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2015 Featured Talks » Keynote Presentation: Cancer Genomics: Turning Discovery into Translation



Keynote Presentation: Cancer Genomics: Turning Discovery into Translation

Elaine Mardis, PhD
The Genome Institute
Washington University School of Medicine



Part One


Part Two


Part Three


Part Four




Elaine R. Mardis, PhD
Robert E. and Louise F. Dunn Distinguished Professor of Medicine
Co-Director, The Genome Institute of Washington University School of Medicine


Dr. Elaine Mardis graduated Phi Beta Kappa from the University of Oklahoma with a B.S. degree in zoology. She then completed her Ph.D. in Chemistry and Biochemistry in 1989, also at Oklahoma. Following graduation, Dr. Mardis was a senior research scientist for four years at BioRad Laboratories in Hercules, CA.

In 1993, Dr. Mardis joined The Genome Institute at Washington University School of Medicine. As Director of Technology Development, she helped create methods and automation pipelines for sequencing the Human Genome. She now serves as Co-director of The Genome Institute.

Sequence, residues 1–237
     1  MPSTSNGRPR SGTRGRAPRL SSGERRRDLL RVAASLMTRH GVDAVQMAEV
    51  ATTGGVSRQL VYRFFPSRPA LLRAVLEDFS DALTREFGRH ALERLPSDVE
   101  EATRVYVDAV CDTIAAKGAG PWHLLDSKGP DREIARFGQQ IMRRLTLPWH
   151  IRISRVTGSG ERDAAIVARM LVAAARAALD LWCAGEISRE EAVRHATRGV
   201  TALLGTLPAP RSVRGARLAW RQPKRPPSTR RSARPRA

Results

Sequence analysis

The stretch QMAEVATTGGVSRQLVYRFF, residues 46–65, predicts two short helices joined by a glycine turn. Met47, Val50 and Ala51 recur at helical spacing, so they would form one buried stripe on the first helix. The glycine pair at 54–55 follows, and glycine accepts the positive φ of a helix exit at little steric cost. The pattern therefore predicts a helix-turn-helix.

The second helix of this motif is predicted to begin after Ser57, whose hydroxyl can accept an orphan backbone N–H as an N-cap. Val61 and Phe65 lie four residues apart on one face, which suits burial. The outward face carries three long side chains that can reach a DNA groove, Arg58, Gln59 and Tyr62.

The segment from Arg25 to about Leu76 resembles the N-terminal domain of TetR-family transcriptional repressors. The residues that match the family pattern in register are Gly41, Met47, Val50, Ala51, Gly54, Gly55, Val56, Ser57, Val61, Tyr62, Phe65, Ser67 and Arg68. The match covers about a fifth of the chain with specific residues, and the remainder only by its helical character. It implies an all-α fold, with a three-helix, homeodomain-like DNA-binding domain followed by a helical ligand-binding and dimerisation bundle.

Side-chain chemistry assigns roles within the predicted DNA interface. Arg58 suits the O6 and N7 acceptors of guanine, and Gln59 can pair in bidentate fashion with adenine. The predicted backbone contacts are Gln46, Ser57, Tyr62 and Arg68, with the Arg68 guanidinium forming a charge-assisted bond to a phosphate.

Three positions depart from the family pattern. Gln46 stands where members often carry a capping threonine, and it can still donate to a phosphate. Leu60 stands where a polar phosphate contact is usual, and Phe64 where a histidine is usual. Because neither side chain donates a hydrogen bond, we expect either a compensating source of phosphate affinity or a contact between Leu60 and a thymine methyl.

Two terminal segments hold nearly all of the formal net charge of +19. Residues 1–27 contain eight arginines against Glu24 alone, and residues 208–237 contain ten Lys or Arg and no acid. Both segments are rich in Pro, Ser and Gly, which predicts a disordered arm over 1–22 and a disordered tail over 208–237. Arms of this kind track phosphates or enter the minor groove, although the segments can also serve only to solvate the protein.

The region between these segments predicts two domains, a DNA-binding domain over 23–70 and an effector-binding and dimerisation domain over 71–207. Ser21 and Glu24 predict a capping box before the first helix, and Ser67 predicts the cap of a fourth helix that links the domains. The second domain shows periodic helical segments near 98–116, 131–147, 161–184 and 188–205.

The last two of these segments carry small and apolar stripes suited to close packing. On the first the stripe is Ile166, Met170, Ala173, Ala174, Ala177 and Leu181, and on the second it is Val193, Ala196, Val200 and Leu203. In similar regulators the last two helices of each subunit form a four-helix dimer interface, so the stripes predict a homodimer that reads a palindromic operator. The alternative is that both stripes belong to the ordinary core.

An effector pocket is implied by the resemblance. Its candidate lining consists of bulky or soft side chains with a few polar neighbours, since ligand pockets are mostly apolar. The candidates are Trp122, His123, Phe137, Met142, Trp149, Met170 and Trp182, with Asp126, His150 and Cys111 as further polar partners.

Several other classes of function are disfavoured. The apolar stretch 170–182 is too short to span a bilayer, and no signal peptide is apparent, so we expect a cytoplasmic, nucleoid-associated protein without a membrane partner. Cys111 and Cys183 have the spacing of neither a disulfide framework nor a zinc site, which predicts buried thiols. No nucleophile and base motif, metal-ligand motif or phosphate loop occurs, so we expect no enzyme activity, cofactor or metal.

Dr. Mardis has research interests in the application of next-generation sequencing to characterize cancer genomes and transcriptomes, and using these data to support therapeutic decision-making. She also is interested in facilitating the translation of basic science discoveries about human disease into the clinical setting.

Dr. Mardis serves as an editorial board member of Molecular Cancer Research, Disease Models and Mechanisms and Annals of Oncology, and acts as a reviewer for Nature, the New England Journal of Medicine, Cell and Genome Research. In 2014, she was named as the Robert E. and Louise F. Dunn Distinguished Professor of Medicine. She serves on the scientific advisory boards of Qiagen Ingenuity, DNA Nexus, and ZS Genetics, and is a member of the Supervisory Board of Qiagen N.V. Dr. Mardis received the Scripps Translational Research award for her work on cancer genomics in 2010, and was named a Distinguished Alumni of the University of Oklahoma College of Arts and Sciences for 2011. Discover Magazine featured her work in cancer genomics as one of their top 100 science stories in 2013.